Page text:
}).catch(function (ex) {
//if an error was thrown from read or request functions
});

Here is what co will do for us:

  • Both read and request will execute in parallel on line 7 and when both of them finish - res array will hold results. It doesn’t matter if request finishes before read - co will ensure that results are assigned to appropriate indexes.
  • On node.js you would have to check for errors in both callbacks for read and request functions, to ensure that your application does not exit in an unhandled state, but with co we can only worry about an end result and add a single error handler using .catch.
  • Code is rather short and easy to understand

So what exactly is happening? How does it work? To understand it better lets go over code of the main function in co and describe it. Open code in new window so that you can put it side by side.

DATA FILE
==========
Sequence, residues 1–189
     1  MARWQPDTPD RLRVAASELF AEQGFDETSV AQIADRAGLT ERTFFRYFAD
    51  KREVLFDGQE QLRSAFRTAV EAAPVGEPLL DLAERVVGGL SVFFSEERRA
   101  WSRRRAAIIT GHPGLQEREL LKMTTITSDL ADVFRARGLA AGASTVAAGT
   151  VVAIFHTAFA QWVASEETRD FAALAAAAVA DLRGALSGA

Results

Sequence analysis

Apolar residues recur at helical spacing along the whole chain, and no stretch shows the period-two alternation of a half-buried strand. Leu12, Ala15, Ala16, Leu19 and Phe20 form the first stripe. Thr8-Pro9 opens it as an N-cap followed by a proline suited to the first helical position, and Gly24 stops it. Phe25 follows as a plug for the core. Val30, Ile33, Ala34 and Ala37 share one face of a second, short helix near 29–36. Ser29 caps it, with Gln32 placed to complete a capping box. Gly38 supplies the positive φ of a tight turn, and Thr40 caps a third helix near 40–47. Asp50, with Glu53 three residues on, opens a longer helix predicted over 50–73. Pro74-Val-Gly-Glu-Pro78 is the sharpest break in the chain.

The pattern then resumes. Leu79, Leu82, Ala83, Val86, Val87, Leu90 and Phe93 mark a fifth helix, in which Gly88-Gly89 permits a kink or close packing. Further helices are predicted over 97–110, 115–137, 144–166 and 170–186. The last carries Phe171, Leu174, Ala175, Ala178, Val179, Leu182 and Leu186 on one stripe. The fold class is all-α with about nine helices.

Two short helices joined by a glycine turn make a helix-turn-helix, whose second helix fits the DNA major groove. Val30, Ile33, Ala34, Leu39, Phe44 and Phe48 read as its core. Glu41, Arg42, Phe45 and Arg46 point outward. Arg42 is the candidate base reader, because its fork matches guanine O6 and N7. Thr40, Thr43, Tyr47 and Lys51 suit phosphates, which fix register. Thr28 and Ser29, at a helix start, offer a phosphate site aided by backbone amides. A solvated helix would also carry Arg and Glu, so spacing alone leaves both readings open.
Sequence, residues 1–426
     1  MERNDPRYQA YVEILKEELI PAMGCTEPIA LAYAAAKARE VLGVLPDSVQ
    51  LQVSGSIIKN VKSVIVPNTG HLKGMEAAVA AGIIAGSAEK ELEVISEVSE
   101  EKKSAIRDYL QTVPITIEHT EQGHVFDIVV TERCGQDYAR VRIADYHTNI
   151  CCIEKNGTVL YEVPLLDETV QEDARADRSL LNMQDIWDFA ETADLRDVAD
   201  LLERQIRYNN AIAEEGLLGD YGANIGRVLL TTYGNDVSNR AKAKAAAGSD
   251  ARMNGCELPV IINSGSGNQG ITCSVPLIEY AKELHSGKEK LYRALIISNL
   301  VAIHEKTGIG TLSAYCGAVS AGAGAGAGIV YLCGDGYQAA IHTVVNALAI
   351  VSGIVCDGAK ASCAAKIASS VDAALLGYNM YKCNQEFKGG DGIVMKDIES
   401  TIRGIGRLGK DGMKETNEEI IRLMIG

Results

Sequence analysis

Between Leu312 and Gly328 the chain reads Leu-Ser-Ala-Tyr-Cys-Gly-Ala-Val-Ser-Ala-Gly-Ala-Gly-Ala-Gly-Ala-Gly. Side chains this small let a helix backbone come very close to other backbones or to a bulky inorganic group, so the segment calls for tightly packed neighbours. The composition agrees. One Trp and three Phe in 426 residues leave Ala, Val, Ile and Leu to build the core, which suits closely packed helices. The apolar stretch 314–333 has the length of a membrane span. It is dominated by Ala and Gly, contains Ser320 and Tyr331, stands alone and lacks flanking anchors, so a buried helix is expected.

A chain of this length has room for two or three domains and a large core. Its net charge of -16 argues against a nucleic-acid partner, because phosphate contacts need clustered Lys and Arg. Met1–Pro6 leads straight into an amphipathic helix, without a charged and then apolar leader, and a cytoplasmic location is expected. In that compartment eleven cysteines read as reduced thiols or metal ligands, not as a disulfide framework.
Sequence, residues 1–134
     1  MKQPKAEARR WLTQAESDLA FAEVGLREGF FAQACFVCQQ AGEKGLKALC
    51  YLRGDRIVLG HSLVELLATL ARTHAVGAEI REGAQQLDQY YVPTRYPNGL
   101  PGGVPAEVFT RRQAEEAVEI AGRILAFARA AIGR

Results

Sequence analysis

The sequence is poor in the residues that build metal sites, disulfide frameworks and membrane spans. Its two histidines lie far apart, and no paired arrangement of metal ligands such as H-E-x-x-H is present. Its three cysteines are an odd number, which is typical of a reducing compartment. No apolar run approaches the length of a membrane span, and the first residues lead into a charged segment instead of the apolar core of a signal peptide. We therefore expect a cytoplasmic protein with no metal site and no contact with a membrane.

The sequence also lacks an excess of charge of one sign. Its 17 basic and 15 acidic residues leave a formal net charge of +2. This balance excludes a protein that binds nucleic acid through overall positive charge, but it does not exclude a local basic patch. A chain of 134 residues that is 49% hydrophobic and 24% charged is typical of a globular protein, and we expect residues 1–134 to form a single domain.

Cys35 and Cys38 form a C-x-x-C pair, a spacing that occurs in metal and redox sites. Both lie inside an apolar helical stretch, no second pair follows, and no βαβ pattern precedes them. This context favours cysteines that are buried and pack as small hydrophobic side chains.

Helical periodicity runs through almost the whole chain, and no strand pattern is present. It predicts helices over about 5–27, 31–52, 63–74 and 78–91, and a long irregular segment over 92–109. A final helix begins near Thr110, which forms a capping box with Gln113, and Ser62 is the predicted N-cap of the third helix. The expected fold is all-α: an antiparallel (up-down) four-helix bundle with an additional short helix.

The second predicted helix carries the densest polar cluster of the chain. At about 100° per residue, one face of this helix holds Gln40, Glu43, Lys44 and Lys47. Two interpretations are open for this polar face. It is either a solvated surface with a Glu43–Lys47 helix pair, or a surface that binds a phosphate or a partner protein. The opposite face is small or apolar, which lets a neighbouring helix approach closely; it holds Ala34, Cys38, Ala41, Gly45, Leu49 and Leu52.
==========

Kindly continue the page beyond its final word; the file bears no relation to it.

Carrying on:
Let`s modify example just a little, in order to show how various scenarios will work in co:

example.js
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co(function* getResults(){
//not really doing anything important,
//but will be useful to show how co works
try {
yield false;
} catch (ex) {
console.log(ex.message);
}

//assume read and request perform asynchronous actions
var a = read('index.js', 'utf8');
var b = request('http://google.ca');

//when all operations will finish
//res will have contents of index.js at [0]
//and response body from google at [1]
var res = yield [a, b];
//...code, which does something with res
}).catch(function (ex) {
//if an error was thrown from read or request functions
});

First co saves context reference, in case you will ever want to use a context inside read or request functions:

co/index.js:co
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var ctx = this;

//Context binding example